There is a solution. Community colleges could review the AAUP guidelines and pursue a degree of curricular harmonization and pathway promotion by engaging full and part-time faculty in the designs, allowing individual instructors to tailor syllabi and set standards of evaluation and achievement exceeding the minima now in force. Could that impact student achievement? Certainly, but largely in the positive by validating learning quality and ensuring achievements commensurate with expectations at four year institutions where the freedom to teach still exists. If such reforms are to be effective, adjuncts also need access to due process protections against arbitrary dismissal.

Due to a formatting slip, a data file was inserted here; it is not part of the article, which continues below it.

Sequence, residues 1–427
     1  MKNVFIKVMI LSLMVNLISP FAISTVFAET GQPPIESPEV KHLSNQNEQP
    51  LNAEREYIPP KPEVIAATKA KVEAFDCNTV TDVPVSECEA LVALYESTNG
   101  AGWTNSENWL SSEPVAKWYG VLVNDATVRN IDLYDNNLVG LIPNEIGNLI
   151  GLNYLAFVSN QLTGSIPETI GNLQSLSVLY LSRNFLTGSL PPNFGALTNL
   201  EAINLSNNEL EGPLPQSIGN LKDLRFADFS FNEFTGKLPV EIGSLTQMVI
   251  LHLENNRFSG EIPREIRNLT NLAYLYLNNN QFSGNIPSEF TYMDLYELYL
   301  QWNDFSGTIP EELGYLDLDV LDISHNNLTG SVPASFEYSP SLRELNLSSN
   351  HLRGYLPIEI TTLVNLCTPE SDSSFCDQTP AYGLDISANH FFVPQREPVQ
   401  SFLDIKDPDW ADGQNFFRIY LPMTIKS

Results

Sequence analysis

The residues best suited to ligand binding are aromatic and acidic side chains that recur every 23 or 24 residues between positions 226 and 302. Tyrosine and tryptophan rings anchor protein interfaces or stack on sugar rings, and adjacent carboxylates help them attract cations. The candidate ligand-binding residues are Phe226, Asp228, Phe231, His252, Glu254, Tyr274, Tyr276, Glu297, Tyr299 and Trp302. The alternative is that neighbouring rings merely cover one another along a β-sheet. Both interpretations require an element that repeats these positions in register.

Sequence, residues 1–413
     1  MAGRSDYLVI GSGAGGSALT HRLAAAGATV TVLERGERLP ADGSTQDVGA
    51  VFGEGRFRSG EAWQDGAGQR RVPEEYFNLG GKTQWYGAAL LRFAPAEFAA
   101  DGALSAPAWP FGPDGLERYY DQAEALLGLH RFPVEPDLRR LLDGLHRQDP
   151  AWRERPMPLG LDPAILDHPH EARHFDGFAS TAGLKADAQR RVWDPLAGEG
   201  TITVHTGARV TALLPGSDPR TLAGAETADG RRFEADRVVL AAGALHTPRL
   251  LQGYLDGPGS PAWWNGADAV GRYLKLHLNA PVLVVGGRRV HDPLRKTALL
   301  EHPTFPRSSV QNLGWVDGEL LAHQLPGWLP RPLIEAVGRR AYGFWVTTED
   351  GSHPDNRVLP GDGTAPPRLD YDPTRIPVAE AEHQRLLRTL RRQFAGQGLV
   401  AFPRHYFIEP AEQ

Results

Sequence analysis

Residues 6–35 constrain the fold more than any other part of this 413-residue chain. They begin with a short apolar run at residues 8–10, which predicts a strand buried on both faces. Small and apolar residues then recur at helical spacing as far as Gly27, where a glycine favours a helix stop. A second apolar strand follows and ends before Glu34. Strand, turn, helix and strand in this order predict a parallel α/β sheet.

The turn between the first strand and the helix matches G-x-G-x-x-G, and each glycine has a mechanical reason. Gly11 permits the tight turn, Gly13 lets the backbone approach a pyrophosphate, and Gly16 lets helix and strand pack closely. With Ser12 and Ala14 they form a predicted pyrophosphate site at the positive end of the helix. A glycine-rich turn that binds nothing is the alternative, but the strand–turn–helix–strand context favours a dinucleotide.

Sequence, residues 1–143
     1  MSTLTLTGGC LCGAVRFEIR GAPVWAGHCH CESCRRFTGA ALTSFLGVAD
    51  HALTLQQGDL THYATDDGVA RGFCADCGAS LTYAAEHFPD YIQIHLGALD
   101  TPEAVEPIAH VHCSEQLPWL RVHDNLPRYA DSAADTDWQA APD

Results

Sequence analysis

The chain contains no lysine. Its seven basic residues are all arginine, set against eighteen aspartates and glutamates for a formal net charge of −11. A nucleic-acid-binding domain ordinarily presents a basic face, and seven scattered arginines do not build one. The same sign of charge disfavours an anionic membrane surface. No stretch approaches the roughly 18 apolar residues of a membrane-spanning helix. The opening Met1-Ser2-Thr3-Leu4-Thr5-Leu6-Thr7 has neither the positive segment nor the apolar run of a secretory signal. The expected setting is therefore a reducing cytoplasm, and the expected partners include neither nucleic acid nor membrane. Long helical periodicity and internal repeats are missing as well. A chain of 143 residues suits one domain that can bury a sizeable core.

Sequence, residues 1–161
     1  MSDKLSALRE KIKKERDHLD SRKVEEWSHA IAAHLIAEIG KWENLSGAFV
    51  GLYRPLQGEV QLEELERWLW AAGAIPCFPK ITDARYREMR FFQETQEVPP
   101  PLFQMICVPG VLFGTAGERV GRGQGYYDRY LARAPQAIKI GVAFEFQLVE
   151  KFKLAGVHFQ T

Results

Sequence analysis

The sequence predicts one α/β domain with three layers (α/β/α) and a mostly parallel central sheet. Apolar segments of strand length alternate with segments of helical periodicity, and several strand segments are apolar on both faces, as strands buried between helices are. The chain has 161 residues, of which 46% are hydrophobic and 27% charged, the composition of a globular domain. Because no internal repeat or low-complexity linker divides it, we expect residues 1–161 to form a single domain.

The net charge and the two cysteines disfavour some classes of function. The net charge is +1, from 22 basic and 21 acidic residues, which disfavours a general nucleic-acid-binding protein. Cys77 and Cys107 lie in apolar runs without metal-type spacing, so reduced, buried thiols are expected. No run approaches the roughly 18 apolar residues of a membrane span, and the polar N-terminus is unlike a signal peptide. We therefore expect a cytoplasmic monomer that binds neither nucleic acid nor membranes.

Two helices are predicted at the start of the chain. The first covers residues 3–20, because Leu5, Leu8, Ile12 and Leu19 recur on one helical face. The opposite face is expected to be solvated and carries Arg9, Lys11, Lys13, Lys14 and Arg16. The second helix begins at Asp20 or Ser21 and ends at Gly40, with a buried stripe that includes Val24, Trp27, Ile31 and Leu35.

The challenge today for community colleges, pressed as they are to grant access to ever greater numbers of students, is how to meet that demand while sustaining the quality of classroom and online instruction. That cannot be done by curtailing the freedom to teach. Nor can it be done by denying adjuncts due process. In Colorado no less than any other state, the failure to honor academic freedom is degrading, of curriculum and faculty alike. That’s no credible platform on which to craft a promise of higher education for all.
Co-President, AAUP Colorado Conference